But meanwhile all that powder snow means Whistler provides marvelously gentle skiing which may be just as well / continued overleaf continued / when you consider some of the exhausting nocturnal action that rages inside condominium No. 49, better known around the mountain as — wouldn't you guess? — Peyton Place. Toby Rankin hangs out there with a Poppy crew that includes a lot of sweet things named Suzy and Robin and Wcndi and Pcnni Jo. and they're always plotting Pop Set capers like the Great Xanadu Voyage of last spring.

The Xanadu — ah there. Citizen Kane — is a slinky I 10-foot yacht that you can rent out of Coal Harbor in Vancouver, along with a threeman crew, for $275 a day plus four dollars per running hour, and one Friday evening in late May, 60 of Rankin's Set piled on board with their skis, stretch pants, bikinis, their bossa nova tapes and their wineskins of Turner Valley Red. They chugged for three delirious hours along the coastline to Squamish, then a bus hauled them through Garibaldi Provincial Park to Whistler. And for the next 4K hours they indulged in some skiing, some Watusiing, a lot of winetasting and a good many teenage things in dark corners. By the time the Xanadu had returned them all to Coal Harbor, Toby Rankin had barely enough energy to settle back to normal working life in the studio, acting out that swell David Hemmings-Veruschka bit from lilow-Up.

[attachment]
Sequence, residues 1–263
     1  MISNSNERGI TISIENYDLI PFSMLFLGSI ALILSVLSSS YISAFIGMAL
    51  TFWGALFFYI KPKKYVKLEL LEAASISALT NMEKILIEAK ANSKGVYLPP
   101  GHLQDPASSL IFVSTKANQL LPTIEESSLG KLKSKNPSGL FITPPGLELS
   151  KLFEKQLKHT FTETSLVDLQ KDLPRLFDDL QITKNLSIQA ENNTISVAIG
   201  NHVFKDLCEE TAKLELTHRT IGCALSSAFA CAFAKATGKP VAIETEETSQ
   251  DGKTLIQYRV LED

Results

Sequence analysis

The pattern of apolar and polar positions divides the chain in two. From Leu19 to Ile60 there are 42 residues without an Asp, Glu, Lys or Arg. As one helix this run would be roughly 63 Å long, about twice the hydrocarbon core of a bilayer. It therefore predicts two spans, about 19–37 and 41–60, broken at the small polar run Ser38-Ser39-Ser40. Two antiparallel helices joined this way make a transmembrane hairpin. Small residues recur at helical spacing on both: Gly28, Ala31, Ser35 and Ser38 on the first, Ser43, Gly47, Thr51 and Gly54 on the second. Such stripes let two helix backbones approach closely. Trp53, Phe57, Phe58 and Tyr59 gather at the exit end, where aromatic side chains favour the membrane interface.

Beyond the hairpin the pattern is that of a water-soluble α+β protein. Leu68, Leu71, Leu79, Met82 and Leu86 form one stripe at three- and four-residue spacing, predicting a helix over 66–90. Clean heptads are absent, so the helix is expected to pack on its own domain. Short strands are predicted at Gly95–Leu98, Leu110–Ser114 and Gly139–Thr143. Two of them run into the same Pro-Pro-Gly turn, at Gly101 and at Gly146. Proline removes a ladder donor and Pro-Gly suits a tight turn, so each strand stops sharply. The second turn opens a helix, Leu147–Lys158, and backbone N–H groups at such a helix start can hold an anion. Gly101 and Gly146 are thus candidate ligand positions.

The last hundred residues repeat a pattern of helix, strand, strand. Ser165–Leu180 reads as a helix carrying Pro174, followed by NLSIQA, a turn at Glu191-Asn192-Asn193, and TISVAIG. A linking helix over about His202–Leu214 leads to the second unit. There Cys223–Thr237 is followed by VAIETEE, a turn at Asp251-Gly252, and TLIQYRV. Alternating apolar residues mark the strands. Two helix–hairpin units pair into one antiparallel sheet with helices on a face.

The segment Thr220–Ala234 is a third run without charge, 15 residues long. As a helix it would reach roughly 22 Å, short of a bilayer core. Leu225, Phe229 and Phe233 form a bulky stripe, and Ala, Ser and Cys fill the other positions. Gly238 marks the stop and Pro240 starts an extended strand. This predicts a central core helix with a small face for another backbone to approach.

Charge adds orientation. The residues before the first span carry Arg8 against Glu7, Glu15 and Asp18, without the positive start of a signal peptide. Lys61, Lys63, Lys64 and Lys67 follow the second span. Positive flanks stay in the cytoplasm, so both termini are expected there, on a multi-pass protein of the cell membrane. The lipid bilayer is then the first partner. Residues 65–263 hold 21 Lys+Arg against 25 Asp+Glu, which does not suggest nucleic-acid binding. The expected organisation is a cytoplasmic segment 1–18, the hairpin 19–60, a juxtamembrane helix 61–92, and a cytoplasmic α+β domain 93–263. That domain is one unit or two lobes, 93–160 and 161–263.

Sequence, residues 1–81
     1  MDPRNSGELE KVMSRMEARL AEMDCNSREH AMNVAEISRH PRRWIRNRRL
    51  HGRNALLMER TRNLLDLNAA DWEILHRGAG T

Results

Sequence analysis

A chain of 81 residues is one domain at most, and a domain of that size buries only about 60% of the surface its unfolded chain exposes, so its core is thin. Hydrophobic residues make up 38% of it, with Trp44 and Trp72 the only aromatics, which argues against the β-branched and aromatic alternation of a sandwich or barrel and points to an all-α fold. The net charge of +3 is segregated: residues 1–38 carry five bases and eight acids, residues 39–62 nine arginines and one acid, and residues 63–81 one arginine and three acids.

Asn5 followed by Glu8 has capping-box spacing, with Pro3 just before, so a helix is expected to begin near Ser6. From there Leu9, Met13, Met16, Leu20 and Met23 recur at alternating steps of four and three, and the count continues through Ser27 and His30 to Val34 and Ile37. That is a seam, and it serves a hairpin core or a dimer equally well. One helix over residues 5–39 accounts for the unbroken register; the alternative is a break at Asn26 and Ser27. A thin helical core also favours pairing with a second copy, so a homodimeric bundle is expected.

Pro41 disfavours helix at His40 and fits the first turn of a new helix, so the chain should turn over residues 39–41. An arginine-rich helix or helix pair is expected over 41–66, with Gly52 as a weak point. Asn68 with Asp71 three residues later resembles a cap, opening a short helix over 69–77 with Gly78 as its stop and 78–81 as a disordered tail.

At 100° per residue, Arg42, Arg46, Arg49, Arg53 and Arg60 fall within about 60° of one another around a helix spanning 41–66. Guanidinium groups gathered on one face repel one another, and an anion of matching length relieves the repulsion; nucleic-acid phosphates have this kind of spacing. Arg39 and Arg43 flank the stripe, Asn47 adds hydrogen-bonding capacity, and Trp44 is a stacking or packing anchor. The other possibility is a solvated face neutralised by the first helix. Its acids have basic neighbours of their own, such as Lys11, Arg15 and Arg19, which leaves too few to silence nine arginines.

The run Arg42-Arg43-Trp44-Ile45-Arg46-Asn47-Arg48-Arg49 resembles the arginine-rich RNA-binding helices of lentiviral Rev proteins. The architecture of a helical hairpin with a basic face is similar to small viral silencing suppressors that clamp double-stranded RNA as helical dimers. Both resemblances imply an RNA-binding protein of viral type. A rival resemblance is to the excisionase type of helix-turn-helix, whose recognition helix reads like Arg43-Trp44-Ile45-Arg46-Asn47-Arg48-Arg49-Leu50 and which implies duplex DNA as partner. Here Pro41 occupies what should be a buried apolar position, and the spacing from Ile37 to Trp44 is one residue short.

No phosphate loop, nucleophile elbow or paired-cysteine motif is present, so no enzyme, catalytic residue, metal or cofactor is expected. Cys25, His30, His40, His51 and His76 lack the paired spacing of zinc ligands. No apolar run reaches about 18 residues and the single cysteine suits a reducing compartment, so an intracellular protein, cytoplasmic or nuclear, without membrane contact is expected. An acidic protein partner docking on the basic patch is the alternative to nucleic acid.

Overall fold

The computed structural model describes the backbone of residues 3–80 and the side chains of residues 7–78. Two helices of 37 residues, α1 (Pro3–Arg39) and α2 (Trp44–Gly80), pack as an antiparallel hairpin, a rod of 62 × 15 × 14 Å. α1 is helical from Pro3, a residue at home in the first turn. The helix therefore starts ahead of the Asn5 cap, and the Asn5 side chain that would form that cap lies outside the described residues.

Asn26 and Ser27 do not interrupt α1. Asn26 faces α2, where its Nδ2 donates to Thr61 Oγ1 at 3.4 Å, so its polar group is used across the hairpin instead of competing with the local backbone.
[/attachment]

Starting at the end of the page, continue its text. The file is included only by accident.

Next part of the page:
A weekend like that would appall Evan EvansAtkinson who is the definitive Waldcnite if ever one existed. For him, Rankin's Pop Set leisure style is too social. Atkinson is more given, as befits a Waldcnite, to the solitary sporting life, and this summer he and his wife Toni are capping his Thoreau-like vision by quitting their Vancouver jobs, laying on a correspondence-school program for their two kids and chucking things for a twoor three-year cruise through the South Seas on the trimaran they built themselves.